Over three centuries ago, Elizabeth Johnson Jr. was accused of witchcraft. Swept up in the hysteria of the Salem witch trials, the 22-year-old Andover woman was accused of partaking in the “Devil’s magic.” She pled guilty to the charges, saying she’d signed the Devil’s book and had used voodoo-like dolls to afflict others, and was ultimately sentenced to death. Researchers today believe she had been singled out because she was different: Called “simplish” by her family members, she may have had a disability. But while Massachusetts’ then-governor cleared her death sentence, allowing Johnson to live to 77, no one ever cleared her name.
This summer, 329 years later, Johnson was finally exonerated, thanks to the efforts of a North Andover middle school civics class and their teacher, Carrie LaPierre. Because of their work, Johnson’s case was the last conviction from the Salem witch trials to be pardoned.
LaPierre learned of Johnson’s story through a local author Richard Hite, who identified “EJJ” — as LaPierre and her students would come to know her — as having fallen through the cracks of history. Little is known about her life: One of 28 members of the Johnson family accused of witchcraft in Andover, she never married or had children who could defend her legacy. Like many of the women accused of witchcraft at the time, she was vulnerable and viewed as an outsider. And while her mother, Elizabeth Johnson Sr., was eventually pardoned, EJJ’s case had been overlooked for centuries, likely the result of a mix-up due to their shared name. That’s where LaPierre came in.
LaPierre, who has been teaching in the North Andover school district for more than 20 years, saw the exoneration of EJJ as a “dream project” for her eighth-grade civics class. It had all the building blocks: primary sources, historical research, the detailed nuances of how a bill becomes a law.
But when she explained her plan to her 13- and 14-year-old students in the fall of 2020, she was met with blank stares. “Nobody cared,” she says now with a laugh. The students had only a passing understanding of the witch trials, but, as they started researching, they became transfixed.
“The whole discussion we had was that she was sort of an outsider, she was different,” LaPierre says. “In eighth grade, most kids feel like an ‘other.’ I think that helps it resonate.”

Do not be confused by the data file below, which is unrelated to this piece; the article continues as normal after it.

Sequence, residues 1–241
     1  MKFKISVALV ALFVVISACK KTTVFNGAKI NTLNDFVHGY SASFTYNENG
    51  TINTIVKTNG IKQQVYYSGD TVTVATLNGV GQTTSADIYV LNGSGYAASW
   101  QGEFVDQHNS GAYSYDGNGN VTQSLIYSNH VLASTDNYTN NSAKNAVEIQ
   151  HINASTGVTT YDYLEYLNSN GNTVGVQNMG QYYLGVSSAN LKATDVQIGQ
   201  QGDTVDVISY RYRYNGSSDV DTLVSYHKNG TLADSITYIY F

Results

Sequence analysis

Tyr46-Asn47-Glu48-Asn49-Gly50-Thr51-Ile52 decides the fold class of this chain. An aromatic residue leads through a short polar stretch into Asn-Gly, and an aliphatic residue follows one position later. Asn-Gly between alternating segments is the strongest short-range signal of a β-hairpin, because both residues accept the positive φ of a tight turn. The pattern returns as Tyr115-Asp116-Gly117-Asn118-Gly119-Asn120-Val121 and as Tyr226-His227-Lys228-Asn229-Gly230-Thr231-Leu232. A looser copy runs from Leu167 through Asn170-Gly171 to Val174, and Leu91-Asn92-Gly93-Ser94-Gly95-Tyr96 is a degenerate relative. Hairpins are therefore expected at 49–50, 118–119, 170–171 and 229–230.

Over the course of the 2020-2021 school year, LaPierre’s students began reviewing firsthand documents and reading the trial transcripts. They visited nearby Puritan cemeteries and gave presentations on EJJ’s plight. They drafted a bill to have EJJ’s name cleared and wrote letters seeking support from local politicians. State Senator Diana DiZoglio signed on, and submitted it to the Legislature. But when the bill was sent to committee, the class feared EJJ might again be forgotten.
That first class moved up to high school, and so in the fall of 2021, LaPierre started up again with a new set of eighth-graders, who took on the lobbying effort with zeal. They bombarded Governor Charlie Baker with postcards. They made calls throughout Beacon Hill to get legislators on board, nervously reading the script they’d prepared and celebrating whenever they got a human on the phone. “It was coming up with ways of how to be annoying, essentially, so that they would want to pass it,” says Neve Thomas, one of LaPierre’s students.
Over time, the students came to learn more about the “witches” and themselves. “We were kind of shocked about how young [some of the accused] were and how everyone was just pointing the finger at each other,” says Lucas Ioakim.
“If they were even a little different, they were just a witch,” says another student, Lilah Hermann, who eventually discovered through the project she was related to Sarah Good, one of the three original women in Salem charged with witchcraft. (While Hermann says the project changed her perspective, she wasn’t overly impressed with the coincidence: “I was like, I’m related to a witch . . . OK, cool.”)
Good insisted she was innocent and was executed for her “crimes” in 1692. Seeing her fate, other accused witches chose to plead guilty in the hopes of sparing their lives. Researchers believe that EJJ may have done the same.
Finally, after a year of lobbying, DiZoglio ended up adding EJJ’s pardon as an amendment to the $53 billion state budget. The exoneration officially went through in July. The class, and LaPierre, were thrilled.
“Obviously we can’t fix what happened to her but we can try to fix her reputation,” Hermann says.
“It gave us a different perspective on how people were treated,” says her classmate Addison Coyne.
“And it taught us to speak up for ourselves, too,” Ioakim says.
LaPierre isn’t sure how she’ll top this project, but she’s hoping that future civics classes can work to get a statue in North Andover memorializing EJJ and others who were falsely accused. “The biggest piece, for me, is to leave a legacy in town, and for these kids to leave a legacy,” LaPierre says. “That’s so important, that they helped somebody who nobody helped.”